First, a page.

SEOUL: South Korea’s central bank on Friday cut its growth forecast citing “deteriorations in economic sentiment” as the country is rattled by the snowballing political turmoil engulfing impeached President Park Geun-Hye.
The already-struggling economy has taken a severe hit from an influence-peddling scandal that has brought hundreds of thousands of protesters onto the streets every week demanding Park’s removal.
And on Friday the Bank of Korea (BOK) said it expected expansion of 2.5 percent in 2017, down from its earlier projection of 2.8 percent given in October.
“The trend of recovery in domestic demand activities is expected to be limited, due to deteriorations in economic sentiment,” it said in a statement.
It also left its key interest rate unchanged a record-low 1.25 percent for the seventh consecutive month in a move aimed at maintaining financial stability with uncertainties at home and abroad.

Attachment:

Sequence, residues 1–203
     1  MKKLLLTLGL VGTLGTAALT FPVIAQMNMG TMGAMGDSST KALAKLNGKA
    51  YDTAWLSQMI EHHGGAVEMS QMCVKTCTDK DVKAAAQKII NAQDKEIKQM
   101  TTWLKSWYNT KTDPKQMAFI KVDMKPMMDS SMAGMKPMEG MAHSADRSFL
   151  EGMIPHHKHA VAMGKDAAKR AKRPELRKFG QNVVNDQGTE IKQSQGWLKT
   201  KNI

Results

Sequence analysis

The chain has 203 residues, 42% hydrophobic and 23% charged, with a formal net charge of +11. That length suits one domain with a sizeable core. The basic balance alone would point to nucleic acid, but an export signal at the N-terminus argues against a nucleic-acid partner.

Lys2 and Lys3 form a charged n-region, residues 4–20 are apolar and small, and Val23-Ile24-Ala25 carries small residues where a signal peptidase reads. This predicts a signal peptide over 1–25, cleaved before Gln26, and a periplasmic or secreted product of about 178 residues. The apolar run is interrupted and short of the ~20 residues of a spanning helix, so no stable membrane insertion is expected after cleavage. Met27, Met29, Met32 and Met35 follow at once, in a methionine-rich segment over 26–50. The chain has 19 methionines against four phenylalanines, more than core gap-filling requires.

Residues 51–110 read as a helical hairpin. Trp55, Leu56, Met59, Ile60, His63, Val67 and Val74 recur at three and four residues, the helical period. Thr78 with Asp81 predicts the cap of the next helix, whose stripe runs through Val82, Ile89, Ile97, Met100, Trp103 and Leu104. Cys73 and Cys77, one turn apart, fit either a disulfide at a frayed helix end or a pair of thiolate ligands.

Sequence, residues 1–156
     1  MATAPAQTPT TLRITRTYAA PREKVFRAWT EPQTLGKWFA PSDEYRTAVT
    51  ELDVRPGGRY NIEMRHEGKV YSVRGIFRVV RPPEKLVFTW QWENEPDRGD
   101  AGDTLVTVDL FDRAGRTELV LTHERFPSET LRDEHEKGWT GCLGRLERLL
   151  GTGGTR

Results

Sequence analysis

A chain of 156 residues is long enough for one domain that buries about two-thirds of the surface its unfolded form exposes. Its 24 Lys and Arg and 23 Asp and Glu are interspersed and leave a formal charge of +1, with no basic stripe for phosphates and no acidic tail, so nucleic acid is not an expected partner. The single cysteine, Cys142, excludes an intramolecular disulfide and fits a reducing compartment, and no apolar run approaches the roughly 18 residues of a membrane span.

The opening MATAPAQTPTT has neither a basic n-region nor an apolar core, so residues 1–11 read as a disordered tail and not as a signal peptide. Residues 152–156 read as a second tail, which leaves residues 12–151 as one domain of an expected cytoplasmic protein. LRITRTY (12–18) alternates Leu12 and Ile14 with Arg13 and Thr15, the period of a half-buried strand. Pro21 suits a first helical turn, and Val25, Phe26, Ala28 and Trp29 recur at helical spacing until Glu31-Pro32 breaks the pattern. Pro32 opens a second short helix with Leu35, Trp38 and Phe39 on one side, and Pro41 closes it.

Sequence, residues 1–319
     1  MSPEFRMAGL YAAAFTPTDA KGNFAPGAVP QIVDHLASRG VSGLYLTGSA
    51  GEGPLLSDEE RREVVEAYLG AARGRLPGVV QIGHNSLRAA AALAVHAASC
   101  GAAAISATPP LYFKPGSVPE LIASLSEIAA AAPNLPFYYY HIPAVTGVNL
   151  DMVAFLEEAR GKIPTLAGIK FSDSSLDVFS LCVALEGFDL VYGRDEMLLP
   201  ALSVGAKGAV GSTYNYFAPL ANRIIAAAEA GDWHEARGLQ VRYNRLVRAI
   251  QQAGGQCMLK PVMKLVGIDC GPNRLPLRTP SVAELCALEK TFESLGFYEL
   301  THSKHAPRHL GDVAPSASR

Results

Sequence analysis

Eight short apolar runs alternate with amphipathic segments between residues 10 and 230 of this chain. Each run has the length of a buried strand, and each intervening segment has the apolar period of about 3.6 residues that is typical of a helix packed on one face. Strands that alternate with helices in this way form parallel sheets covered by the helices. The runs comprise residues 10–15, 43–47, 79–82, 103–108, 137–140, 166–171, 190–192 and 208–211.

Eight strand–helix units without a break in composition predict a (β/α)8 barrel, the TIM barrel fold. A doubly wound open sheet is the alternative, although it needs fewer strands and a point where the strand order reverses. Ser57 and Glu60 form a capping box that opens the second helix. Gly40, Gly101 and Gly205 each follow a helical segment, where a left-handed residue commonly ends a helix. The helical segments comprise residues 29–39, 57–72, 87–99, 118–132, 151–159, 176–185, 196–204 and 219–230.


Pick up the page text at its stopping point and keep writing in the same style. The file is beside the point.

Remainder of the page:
The bank said it would closely monitor “uncertainties in domestic and external conditions” including the impacts of economic policies introduced by the incoming US administration of Donald Trump and likely rate increases by the Federal Reserve.
The election of Trump in November has fanned concerns about a possible global trade wars, while the won has been hammered by expectations of fresh US rate hikes after he promised big-spending, tax-cutting measures.
Krystal Tan, a Singapore-based analyst at Capital Economics, said the BOK will likely cut rates to stimulate the sluggish domestic economy.
“It is likely to proceed cautiously amid concerns that further rate cuts would encourage Korea’s debt-laden households to increase their borrowing even further,” she said.
“The BOK will also keep one eye on the US Fed. The central bank is concerned that cutting interest rates at a time when the Fed is in the middle of a tightening cycle could lead to disruptive capital outflows,” Tan added.